Most the field started early at 0600 but all eyes were on the 0800 ‘chase’ starts. Scotney and Verjee would start on the stroke of 0800 and then 2nd placed runners, Mann and Morgan would depart as per their time deficits to the leader. The same applied for 3rd placed lady, McIlroy. Quite simply, the first man or woman across the line would be the 2017 Berghaus Dragons Back winner. Scotney, despite a troublesome knee, was flying, the terrain suited him and allowed him to stretch his legs. By CP2, Scotney was pulling away from Mann and Verjee and Morgan were equally matched with McIlroy losing time. More good running to CP3 and then the climb to CP4 and the run along the high ground with the impressive Llyn Y Fan Fact to the right saw Scotney extend his lead. When Mann arrived at CP5 he was over 30-minutes back and barring Scotney having any problems, the race was his for the taking. Mann no doubt paying a price for a tough first 3-days and a hard chasing 4th day. Scotney crossed the line in 6:12:09 1st and Mann came in much later (7:43:40) having eased off the gas knowing that his place for 2nd was secure. Neil Talbott who had started later than the 1st and 2nd placed runners had a long day chasing all in front of him, his 3rd place secure in 7:31:04 placing 2nd on the stage. In the ladies’ race, the possible threat of a blazing run from McIlroy didn’t happen and the race was now between Verjee and Morgan.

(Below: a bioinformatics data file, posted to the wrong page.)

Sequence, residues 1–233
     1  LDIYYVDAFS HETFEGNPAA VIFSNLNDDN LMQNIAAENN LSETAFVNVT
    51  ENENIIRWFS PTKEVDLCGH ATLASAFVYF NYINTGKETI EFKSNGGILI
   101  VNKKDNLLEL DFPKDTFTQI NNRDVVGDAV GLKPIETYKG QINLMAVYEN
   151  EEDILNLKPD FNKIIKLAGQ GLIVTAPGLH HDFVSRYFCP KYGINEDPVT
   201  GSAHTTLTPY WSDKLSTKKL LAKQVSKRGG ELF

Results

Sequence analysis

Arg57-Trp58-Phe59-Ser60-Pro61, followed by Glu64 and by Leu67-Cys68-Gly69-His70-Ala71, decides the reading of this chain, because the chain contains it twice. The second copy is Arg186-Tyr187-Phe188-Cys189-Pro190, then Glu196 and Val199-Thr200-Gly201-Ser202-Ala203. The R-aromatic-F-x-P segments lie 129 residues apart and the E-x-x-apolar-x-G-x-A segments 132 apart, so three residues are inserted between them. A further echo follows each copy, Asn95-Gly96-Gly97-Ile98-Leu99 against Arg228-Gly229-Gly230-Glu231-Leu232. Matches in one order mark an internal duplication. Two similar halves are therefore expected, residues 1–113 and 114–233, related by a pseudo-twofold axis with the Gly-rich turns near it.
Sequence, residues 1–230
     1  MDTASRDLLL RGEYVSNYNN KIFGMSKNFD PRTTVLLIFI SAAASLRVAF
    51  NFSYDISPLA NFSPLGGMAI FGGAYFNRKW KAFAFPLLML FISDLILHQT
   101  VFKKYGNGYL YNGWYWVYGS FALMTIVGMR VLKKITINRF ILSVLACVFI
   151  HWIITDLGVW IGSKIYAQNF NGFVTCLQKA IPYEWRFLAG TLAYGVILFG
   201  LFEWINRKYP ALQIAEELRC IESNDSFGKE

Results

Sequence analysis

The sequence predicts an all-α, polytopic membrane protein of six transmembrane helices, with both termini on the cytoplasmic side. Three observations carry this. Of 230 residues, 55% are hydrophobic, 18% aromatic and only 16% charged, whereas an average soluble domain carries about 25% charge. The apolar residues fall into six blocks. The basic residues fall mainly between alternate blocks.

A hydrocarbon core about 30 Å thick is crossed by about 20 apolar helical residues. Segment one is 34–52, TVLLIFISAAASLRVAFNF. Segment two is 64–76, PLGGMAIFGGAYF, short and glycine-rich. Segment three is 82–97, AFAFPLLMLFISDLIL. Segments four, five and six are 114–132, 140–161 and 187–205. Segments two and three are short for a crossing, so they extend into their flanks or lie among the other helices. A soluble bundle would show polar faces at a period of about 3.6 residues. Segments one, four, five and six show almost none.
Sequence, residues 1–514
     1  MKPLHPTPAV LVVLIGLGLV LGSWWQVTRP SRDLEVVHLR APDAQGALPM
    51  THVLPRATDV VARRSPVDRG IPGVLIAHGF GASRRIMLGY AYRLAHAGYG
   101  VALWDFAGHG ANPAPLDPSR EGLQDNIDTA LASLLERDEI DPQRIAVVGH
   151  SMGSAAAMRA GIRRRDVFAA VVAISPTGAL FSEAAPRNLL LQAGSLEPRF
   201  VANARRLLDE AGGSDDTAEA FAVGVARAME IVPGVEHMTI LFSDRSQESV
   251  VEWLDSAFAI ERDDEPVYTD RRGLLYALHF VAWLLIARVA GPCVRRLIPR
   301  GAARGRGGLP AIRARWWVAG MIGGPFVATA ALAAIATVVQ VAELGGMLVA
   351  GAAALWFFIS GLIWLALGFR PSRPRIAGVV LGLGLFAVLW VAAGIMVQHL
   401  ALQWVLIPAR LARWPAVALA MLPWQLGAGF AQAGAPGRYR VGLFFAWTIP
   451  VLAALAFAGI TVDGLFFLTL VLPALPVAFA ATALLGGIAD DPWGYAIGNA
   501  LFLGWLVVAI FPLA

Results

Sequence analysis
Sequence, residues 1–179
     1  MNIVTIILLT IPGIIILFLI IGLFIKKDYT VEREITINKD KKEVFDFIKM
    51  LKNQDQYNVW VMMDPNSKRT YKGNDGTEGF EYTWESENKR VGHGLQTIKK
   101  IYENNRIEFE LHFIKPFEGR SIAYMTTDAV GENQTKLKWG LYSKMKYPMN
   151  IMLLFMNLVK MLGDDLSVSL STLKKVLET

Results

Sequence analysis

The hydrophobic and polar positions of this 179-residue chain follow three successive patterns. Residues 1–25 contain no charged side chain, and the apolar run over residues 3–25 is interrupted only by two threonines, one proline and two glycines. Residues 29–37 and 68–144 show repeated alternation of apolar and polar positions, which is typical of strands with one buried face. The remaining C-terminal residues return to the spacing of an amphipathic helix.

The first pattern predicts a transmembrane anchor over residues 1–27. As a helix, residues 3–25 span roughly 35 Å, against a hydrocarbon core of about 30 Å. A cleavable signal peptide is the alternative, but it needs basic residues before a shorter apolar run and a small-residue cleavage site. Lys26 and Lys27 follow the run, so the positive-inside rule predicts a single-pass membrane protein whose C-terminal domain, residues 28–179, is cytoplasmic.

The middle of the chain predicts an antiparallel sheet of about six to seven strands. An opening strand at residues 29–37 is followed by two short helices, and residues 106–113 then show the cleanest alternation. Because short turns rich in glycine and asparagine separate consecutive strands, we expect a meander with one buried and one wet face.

Morgan hunted Verjee down and by CP6 had caught and passed her. It was all about putting her head down and pushing on. The victory was hers in 7:57:16 and with it, the title of Ladies 2017 Berghaus Dragons Back champion.
A tough race for all concerned but when you race over 5-days with the highs and lows that this type of race can throw at you, it’s about how the runner manages all aspects of the race and not just one day. The 2017 edition will go down in history as one of the most compelling, particularly in the final 2-days. Over 50% of the race starters did not make the finish line, a special nod goes to Joe Faulkner, the legend that he is, who completed the very first Dragons Back Race in 1992 and came back for more. He completed the 2012 and 2015 events and now the 2017 – a remarkable feat.
Attention will now turn to 2019 and the next edition of the race but as Ourea Events rightly say, don’t forget it’s the Cape Wrath Ultra in 2018 for those who need their fix!
Top 3 results:
1    Marcus Scotney 37:58:37
2    Jim Mann 39:38:14
3    Neil Talbott 41:54:33
 
1    Carol Morgan 48:41:17
2    Sabrina Verjee 49:29:42
3    Caroline McIlroy 50:23:47
 
Results HERE
Credit ©iancorless.com

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Transvulcania 2017